“But in humans it seems to like to migrate to the brain … it happens really commonly, and there the larva develops from a tiny thing up into a cyst that’s around 30mm in diameter.

“As it grows it feeds on host tissue and on nutrients carried in the blood, and it expands, and then probably by forcing out the normal tissue in the brain, it leads to a number of problems.”

Neurocysticercosis has been labelled the leading cause of adult-onset epilepsy worldwide, according to the US Center for Disease Control (CDC).

“Most people who have had it will have headaches, but it’s quite common for people to have eyesight problems, they may have seizures as well,” Jones said.

“The real problem is diagnosing this disease effectively. Medical people will use blood tests and they don’t always work.

“One of the best ways of diagnosing it is through the more complex imaging scans, CT scans, they can be very good.”

Once diagnosed, the CDC recommended several different anti-parasitic drugs as potential treatments.

Health concerns ‘a hilarious suggestion’, campaign says

Kennedy emerged as a wildcard candidate for the 2024 election, announcing his intention to run as an independent in October after abandoning a bid for Democratic nomination.

Since entering the race he has made a name for himself advocating anti-vaccination beliefs and promoting public health conspiracy theories.

He has denied accusations of promoting misinformation.

During his campaign he has also shared video of himself skiing with professional athletes and working out shirtless.

Amid questions about his health, his campaign issued a statement after the NYT investigation was released, saying health concerns were “a hilarious suggestion, given his competition”.

“The issue was resolved more than 10 years ago, and he is in robust physical and mental health.”

They declined a NYT request to provide Kennedy’s medical records.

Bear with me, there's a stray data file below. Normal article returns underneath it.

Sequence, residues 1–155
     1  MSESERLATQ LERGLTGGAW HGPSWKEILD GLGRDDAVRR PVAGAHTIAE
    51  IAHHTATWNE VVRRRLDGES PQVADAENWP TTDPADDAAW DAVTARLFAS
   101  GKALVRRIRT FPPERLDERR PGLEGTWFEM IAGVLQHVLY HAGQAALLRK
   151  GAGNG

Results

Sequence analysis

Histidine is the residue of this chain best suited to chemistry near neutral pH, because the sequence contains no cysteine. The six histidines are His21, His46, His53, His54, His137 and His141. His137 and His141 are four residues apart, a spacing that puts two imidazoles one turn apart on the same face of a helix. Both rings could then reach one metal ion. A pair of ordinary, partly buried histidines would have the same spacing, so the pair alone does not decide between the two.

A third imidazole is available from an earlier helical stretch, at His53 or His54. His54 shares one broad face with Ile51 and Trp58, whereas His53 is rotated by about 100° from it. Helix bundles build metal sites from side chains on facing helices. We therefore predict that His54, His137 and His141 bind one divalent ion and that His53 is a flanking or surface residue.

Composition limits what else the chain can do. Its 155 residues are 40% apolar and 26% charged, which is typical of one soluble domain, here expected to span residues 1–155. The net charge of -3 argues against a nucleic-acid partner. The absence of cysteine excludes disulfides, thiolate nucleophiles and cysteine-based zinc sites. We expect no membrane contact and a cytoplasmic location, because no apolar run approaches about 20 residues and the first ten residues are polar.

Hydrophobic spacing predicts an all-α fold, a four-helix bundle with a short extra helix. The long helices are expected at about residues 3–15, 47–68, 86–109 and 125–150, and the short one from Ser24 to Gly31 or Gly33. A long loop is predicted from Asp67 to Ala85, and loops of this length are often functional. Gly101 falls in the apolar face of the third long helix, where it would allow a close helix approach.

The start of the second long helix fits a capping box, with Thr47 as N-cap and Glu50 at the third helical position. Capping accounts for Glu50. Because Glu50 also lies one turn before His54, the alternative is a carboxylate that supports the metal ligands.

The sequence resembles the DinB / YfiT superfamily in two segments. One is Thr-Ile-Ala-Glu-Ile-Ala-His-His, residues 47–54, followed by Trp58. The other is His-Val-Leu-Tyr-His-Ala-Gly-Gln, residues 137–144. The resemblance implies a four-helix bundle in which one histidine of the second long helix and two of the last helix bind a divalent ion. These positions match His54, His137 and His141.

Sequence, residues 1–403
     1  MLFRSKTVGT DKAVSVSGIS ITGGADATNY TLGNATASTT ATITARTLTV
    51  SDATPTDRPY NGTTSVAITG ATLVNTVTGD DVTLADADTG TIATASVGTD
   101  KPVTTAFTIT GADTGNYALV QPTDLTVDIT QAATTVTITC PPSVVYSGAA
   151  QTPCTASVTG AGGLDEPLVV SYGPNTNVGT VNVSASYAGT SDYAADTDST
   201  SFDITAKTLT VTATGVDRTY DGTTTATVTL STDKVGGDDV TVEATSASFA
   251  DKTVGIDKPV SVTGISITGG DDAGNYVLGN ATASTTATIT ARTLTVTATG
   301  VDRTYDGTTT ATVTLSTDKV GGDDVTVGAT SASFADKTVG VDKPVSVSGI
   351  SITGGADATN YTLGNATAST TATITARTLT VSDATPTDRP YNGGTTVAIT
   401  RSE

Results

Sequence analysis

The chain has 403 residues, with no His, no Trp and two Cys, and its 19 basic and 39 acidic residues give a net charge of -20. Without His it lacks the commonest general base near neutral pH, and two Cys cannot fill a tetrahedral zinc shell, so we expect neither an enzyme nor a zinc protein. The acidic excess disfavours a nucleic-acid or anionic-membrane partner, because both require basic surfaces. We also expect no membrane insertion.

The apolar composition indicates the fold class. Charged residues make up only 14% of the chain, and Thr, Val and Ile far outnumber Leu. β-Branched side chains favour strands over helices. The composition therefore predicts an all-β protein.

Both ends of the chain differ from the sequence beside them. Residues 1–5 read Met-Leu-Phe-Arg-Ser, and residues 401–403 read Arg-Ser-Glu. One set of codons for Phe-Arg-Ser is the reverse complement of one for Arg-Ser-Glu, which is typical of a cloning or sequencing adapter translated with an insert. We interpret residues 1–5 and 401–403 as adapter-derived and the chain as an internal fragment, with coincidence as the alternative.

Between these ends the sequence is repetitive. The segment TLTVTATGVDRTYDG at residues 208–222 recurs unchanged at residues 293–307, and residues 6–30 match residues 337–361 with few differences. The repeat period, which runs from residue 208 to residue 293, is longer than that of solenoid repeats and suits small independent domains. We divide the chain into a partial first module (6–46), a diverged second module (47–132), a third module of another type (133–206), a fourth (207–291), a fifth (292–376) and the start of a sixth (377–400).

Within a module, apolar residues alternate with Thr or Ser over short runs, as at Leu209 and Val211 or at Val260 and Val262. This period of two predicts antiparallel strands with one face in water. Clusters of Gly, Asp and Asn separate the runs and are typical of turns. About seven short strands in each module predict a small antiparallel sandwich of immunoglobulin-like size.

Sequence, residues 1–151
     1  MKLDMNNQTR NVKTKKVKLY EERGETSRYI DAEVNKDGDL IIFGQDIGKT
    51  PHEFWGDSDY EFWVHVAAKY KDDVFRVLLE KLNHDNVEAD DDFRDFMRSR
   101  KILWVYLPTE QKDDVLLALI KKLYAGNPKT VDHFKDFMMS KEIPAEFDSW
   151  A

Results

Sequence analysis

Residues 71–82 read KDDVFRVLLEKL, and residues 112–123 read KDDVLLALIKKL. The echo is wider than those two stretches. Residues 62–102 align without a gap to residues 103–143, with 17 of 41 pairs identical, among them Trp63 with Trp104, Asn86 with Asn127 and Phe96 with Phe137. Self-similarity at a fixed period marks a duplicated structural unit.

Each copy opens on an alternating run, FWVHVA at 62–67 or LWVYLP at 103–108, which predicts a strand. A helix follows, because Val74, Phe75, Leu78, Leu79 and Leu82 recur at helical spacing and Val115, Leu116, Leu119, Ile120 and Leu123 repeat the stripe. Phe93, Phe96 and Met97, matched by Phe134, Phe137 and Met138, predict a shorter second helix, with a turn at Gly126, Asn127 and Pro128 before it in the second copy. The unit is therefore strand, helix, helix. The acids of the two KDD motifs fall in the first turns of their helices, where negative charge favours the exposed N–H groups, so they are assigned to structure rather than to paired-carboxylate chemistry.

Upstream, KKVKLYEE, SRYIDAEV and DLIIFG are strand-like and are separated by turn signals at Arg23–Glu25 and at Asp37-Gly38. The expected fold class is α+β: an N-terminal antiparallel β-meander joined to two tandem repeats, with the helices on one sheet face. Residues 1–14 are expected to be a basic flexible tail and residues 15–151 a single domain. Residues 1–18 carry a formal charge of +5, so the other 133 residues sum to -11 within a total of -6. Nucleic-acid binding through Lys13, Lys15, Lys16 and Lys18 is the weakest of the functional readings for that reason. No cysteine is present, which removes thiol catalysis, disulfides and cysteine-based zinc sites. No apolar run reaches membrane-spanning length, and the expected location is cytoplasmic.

A six-page report released by the White House in February found President Joe Biden a “healthy, active, robust 81-year-old… who remains fit to successfully execute the duties of the presidency”.

Former president Donald Trump has also released a statement from his doctor, which found the 77-year-old’s physical exams “were well within the normal range” and “cognitive exams were exceptional”.

However, debate over the age and competency of candidates has continued throughout the campaign.

A majority of Americans believe both Biden and Trump are too old for another term as president, according to a joint poll by ABC News US and market researcher Ipsos.

Bruce Wolpe, a non-resident Senior Fellow at the University of Sydney’s United States Studies Centre, said he didn’t believe details about Kennedy’s health would impact the election outcome.

“I don’t see any major political impact from this report on his medical condition, it’s the Kennedy name that’s driving his political campaign and that is unchanged,” he said.

“A lot of people will filter this news out as strange but not important. Even if it is important, they’ve still seen RFK Jr in action and they’re attracted to him, there’s no way for that to affect his outcome.

“Another way of looking at it is [that] he chose a woman with no political experience to be his vice-president, that’s ridiculous, but that hasn’t changed his political trajectory.

“The key question remains not whether he has a worm on the brain but whether he has enough brains to get on enough ballots in enough states to potentially affect the outcome.”

The 2024 US presidential election will be held on 5 November.


According to the news on Radio New Zealand